Under Budget Reconciliation, Congress can’t repeal the pre-existing condition protections or the lifetime and annual limits on coverage.  However, it can repeal the tax penalties for those who don’t get health insurance (the individual mandate) and the subsidies and tax credits to help people afford insurance.  It can also take away increased funding to the states for Medicaid expansion. Any of these moves can decrease access to health insurance – including for those with chronic conditions.  For example, if states lose Medicaid funding they could restrict who they will cover under Medicaid and these decisions will vary from state to state. If the individual mandate is repealed, insurers may exit the individual insurance market or substantially raise premiums for everyone because it is widely believed that young, healthy adults will drop coverage, leaving only those with costly health conditions covered.  This creates unacceptable risk for the insurers and higher costs for consumers.

On Friday, January 20th, shortly after being sworn in, President Trump issued an Executive Order that appears to take aim at repealing the individual mandate as well as other parts of the ACA, but the Executive Order still requires the U.S. Department of Health and Human Services (HHS) to follow existing law.  This means the incoming Secretary of HHS will still need to issue proposed regulations, likely with a public comment period, and will still be restricted to upholding the requirements under the ACA.

Republicans have indicated a desire to repeal the individual mandate and to limit funding for Medicaid expansion, but it’s unlikely that these would go into effect before next year – even if they vote in the next week or two.  This may allow Congress time to come up with an ACA replacement bill.  Some Republicans have also indicated a desire to keep coverage for those Americans who have it today and to keep protections for pre-existing conditions.  The President has publicly stated his desire to increase access to insurance and even more boldly stated a desire to have coverage for all Americans. However, no replacement plans have been agreed to yet.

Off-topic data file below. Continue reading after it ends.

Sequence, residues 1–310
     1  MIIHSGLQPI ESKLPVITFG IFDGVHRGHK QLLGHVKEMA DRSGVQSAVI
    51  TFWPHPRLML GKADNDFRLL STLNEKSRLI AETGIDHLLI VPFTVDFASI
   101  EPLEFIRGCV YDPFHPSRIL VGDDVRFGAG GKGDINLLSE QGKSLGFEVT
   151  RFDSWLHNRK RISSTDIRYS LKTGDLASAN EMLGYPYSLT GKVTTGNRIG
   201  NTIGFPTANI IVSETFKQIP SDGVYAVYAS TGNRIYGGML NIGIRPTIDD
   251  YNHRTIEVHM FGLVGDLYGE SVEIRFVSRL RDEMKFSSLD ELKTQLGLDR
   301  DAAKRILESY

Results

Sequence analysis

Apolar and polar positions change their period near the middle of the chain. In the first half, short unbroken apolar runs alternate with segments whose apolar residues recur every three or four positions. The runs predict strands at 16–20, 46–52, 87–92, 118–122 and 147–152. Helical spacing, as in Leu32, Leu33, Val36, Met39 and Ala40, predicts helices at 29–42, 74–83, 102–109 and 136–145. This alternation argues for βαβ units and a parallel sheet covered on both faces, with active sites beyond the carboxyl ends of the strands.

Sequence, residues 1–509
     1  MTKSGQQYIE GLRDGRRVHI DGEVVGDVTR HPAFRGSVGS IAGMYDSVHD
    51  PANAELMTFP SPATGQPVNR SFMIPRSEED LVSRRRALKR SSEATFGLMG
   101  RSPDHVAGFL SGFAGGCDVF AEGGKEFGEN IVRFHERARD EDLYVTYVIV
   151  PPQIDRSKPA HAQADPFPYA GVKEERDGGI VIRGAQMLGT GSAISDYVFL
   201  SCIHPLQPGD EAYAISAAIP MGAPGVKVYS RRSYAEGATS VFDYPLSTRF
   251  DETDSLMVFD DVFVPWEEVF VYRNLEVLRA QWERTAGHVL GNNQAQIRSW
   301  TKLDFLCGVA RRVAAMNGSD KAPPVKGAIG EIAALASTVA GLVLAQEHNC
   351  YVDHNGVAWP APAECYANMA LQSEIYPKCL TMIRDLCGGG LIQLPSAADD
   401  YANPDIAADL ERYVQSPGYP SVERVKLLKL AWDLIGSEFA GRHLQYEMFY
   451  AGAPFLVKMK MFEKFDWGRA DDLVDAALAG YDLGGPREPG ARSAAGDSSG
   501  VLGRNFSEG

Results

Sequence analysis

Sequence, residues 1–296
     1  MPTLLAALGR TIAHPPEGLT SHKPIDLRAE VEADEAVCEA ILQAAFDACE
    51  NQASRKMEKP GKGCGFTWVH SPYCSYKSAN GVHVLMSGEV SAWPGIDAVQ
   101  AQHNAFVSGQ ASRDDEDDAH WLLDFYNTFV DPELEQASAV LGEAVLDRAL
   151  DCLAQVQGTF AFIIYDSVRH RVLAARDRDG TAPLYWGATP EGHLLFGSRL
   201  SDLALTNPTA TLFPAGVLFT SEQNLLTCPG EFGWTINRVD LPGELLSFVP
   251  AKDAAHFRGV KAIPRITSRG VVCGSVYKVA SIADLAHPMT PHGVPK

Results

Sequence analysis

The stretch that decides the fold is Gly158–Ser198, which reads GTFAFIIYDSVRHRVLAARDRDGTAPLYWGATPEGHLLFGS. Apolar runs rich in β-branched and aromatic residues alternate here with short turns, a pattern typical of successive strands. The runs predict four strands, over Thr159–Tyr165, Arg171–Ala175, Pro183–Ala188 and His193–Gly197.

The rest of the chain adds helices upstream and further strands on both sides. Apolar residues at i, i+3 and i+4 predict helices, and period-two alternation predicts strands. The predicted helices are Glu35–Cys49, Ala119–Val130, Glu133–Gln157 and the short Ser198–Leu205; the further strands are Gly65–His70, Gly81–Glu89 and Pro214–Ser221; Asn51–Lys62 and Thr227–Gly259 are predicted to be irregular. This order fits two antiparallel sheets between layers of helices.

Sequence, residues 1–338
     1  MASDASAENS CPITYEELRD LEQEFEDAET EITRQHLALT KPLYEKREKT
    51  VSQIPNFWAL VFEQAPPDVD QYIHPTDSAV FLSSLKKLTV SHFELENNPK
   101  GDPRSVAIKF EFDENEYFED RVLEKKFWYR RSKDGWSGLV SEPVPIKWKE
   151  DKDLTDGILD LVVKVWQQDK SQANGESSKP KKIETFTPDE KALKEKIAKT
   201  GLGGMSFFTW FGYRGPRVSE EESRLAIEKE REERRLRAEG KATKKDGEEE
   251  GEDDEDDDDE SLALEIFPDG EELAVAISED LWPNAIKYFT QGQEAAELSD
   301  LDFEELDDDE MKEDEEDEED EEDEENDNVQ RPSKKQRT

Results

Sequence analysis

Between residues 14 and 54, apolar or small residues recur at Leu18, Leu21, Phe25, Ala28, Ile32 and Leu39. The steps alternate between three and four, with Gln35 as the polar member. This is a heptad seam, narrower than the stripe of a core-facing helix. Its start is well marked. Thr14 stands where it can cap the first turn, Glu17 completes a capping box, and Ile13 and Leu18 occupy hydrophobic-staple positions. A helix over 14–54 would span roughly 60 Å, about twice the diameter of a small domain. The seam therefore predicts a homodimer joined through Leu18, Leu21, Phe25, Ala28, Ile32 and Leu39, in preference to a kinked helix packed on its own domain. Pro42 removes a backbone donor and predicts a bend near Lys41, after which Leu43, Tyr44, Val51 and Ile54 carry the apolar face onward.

In a nutshell, nothing regarding the ACA has changed to date.  But, the stage has been set and action to repeal certain parts of the ACA through Budget Reconciliation could happen this week or next.  However, an ACA replacement bill could take much longer to develop and pass (also requires 60 votes). This could potentially put the coverage of millions of Americans in limbo until then.  Because of this, I urge you to take action to make sure millions of people keep their access to health insurance – including those with or at risk for chronic kidney disease.  Email your Members of Congress and ask them not to vote on repealing the ACA until a replacement plan is finalized.

Do you have health insurance because of the ACA?  Share your story with us in the comments below or email us at


About nkf _advocacy

The National Kidney Foundation's advocacy movement is for all people affected by CKD, transplant candidates and recipients, living and potential donors, donor families and caregivers. We empower, educate and encourage you to get involved on issues relating to CKD, donation and transplantation.
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4 Responses to The Affordable Care Act’s future and the impact on people with kidney disease

  1. Bill Hahn says:

    Any delay to replace will cost lives. Replace and repeal. This would not only prevent a unrecoverable future for many patients, but would assure a bipartisan vote and avoid the time to deliver positive healthcare policy Many CKD patients don’t have time to survive a lingering filibuster.

  2. Debbie Guppy says:

    Please don’t let this happen,my granddaughter need health care for a chronic kidney disease

  3. Winter says:

    This needs to be replaced and repelled. We could lose so many loved ones due to this “pre-conditions” stipulation. Stop with the stupidity and care for all, NEW OR OTHERWISE PRE EXISTING.

  4. Linda Mayo says:

    How would this affect a donor? I donated my kidney to my brother. Am I know considered a pre existing condition? My insurance is already $1,200 per month as a self employed family of 4. With a $10,000 deductible. One of the lowest rates we could find in Vermont. This is very scary. Something has to change while also protecting us.